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Notes for Intimacy and Love in Therapy

Notes for Workshop: Intimacy and Love in Therapy

Notes for Workshop Intimacy and Love in Therapy Nov2017
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Experiencing love and intimacy

I love to boogie on a Saturday night, I love that song! ….I love my children so much … I love my work too


In Pairs: Explore your own usage and experience of love

Consider your experiences of love in its many forms.

What differentiates these forms of love

Might love exist in therapy, if so, what form is this?


Intimacy

Continue, together and explore what this means for you.


 

What Function Does Therapy Have?

  • the idea of making conscious what is not conscious has generally remained the central core of all psychotherapies.

  • in the final analysis the aim of psychotherapy remains for them that of making “sayable” what is “unsayable”.

  • Some new techniques used in psychotherapy, for instance, can be said, on the one hand, to have challenged the concept that the client needs to say and understand the experience.

  • Daniel Stern (Stern et al., 1998b) states that the implicit relational knowledge is what is truly responsible for much therapeutic change, and many psychotherapists have been debating this topic.

  • the patient does not need an understanding of symptoms to get better.

  • implicit relational knowledge is defined as non-verbal, not conscious but not repressed (Stern et al., 1998b)[1] (Spagnuolo Lobb, et al., 2014, pp. loc 2506-2515)

[1] Stern D.N., Bruschweiler-Stern, N., Harrison, A., Lyons-Ruth, K., Morgan, A., Nahum, J., Sander, L. and Tronick, E. (1998b). The Process of Therapeutic Change Involving Implicit Knowledge: Some Implications of Developmental Observations for Adult Psychotherapy. Infant Mental Health J. 3, 300-308.


 

Concerned with Humanness

  • With the development of the “third force” in psychology, which concerns itself with man in his humanness rather than as defined in psycho analytic or behavioristic terms, Freud’s famous statement, “Much has been accomplished if we can change neurotic misery into common unhappiness,” is no longer sufficient. Now we use words such as enhancement, intimacy, actualization, creativity, ecstasy, and transcendence to describe what we wish for ourselves and others.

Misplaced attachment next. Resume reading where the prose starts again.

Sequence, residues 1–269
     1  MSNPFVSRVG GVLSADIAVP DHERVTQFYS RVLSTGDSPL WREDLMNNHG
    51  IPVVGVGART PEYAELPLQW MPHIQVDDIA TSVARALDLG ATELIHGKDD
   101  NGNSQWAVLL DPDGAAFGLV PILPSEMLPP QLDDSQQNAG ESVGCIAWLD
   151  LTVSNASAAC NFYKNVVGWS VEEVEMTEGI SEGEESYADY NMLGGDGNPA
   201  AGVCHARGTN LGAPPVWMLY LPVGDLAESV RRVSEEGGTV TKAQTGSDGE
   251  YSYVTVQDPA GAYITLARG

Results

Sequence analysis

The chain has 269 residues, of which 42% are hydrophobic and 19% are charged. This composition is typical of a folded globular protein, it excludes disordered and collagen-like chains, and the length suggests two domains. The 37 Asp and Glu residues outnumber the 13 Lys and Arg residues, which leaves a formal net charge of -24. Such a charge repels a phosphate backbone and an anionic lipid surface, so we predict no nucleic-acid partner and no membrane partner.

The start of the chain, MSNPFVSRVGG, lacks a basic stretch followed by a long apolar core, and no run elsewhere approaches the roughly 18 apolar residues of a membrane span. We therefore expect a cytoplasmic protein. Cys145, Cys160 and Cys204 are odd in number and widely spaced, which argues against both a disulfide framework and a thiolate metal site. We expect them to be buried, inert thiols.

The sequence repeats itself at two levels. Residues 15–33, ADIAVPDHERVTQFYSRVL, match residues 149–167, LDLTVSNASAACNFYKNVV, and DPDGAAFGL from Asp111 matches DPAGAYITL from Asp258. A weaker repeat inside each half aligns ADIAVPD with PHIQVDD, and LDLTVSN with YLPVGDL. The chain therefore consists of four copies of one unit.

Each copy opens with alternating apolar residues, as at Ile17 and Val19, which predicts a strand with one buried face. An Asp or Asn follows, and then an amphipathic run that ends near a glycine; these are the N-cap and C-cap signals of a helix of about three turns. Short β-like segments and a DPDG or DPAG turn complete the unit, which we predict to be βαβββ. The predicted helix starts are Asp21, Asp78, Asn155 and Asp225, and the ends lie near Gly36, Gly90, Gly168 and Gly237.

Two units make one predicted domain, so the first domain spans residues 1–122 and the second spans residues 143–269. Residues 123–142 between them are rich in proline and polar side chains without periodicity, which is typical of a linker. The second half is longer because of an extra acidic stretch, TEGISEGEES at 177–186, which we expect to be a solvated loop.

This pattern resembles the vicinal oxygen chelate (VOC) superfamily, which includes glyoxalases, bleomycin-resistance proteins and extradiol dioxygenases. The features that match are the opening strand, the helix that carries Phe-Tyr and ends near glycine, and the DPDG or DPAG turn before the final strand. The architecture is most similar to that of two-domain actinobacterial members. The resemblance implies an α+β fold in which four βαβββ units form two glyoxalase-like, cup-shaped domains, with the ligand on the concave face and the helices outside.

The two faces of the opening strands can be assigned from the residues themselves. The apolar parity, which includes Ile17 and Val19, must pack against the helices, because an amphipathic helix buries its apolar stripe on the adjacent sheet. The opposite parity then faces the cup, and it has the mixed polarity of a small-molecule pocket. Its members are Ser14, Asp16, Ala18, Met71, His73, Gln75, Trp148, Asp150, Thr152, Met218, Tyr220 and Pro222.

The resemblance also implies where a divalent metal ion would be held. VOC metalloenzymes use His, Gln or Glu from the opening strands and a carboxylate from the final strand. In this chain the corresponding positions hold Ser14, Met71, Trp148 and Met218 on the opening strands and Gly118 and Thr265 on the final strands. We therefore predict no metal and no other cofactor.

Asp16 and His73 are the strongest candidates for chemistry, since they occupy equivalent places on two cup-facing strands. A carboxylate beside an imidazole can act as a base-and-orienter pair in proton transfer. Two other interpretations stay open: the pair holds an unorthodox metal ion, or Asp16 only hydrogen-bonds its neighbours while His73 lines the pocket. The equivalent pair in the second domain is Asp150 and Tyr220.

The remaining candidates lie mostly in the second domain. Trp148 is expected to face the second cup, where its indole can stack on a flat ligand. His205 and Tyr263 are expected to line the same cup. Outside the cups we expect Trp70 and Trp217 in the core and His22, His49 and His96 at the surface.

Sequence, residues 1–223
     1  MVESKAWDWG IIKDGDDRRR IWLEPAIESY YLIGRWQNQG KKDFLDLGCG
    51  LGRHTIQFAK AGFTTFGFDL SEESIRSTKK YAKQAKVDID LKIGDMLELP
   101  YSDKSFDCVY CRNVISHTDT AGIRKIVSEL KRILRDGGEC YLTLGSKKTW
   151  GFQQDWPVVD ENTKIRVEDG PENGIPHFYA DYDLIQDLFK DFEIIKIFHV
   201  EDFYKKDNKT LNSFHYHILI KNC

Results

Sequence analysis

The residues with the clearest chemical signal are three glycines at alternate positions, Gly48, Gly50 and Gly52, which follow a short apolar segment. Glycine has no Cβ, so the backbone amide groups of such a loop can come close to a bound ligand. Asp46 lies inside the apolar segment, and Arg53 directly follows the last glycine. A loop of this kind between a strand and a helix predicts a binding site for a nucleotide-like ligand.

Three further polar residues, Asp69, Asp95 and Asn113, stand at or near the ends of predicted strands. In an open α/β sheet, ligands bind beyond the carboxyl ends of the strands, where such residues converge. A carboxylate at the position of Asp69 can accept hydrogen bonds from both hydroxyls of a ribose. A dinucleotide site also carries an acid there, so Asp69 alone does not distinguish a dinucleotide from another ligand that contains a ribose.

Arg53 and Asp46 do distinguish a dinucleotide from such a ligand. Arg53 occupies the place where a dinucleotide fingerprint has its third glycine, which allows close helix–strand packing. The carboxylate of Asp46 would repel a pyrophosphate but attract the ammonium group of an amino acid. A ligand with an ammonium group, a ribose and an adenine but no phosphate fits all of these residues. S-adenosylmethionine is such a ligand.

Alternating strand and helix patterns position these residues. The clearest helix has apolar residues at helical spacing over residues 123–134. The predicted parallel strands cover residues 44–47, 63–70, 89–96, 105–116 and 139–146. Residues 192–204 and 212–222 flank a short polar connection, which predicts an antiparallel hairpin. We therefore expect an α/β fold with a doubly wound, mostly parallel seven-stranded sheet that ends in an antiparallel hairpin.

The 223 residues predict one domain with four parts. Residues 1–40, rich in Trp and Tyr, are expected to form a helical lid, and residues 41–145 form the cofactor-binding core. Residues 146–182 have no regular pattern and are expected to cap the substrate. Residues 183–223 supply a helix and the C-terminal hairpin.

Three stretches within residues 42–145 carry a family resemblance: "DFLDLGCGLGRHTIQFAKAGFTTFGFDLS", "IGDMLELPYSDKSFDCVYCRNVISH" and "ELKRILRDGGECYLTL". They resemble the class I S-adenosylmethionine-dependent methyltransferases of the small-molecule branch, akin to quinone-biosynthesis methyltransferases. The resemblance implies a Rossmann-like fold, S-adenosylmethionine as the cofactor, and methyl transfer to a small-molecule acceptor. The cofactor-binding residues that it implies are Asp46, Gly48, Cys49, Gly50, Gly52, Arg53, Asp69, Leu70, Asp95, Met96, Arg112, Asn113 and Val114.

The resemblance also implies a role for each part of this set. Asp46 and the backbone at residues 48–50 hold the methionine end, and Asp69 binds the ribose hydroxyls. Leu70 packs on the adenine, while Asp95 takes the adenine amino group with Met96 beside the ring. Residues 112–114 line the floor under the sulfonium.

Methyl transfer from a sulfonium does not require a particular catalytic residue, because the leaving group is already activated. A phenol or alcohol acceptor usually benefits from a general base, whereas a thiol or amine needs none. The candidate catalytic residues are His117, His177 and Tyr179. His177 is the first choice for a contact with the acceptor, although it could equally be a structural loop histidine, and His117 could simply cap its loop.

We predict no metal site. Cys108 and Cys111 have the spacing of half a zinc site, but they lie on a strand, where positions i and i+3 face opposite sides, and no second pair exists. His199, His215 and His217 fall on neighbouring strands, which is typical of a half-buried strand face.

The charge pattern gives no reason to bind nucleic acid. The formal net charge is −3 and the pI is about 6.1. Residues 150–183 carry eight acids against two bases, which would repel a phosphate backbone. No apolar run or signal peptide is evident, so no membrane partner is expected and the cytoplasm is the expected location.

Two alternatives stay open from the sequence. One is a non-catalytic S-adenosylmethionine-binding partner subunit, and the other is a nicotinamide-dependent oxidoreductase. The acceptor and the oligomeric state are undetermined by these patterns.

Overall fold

• there are values in living that persons know from their own experiences or from their observations of others to be valuable and enhancing; spontaneity, sensory awareness, freedom of movement, emotional responsiveness and expressiveness, enjoyment, ease, flexibility in relating, direct contact and emotional closeness with others, intimacy, competency, immediacy and presence. self-support, and creativity. (Shepherd, et al., 1970, pp. loc 176-181)


 

Relational and Intimacy word usage


Google Ngram image for Relational and Intimacy word usage

Occurrences in Google Books: Relational [ ] and Intimacy [ ]


 

Relational Needs

  • Security

  • Valuing

  • Acceptance

  • Mutuality

  • Self-Definition

  • Making an Impact

  • Having The Other Initiate

  • To Express Love

(Erskine, et al., 1999)


 

To Express Love

  • Expressing these feelings is a relational need;

  • A therapy of contact-in-relationship creates one of the closest and most intimate of all human connections, and it is almost inevitable that the client will experience strong feelings toward the therapist.

  • All too often, therapists discourage clients’ expression of such feelings by labeling them all as transference or as a sign that the client is becoming too dependent or too infantilized or is trying to manipulate the relationship.

  • One of the reasons why many therapists have difficulty when clients express their positive feelings is that we do not know what to say in return.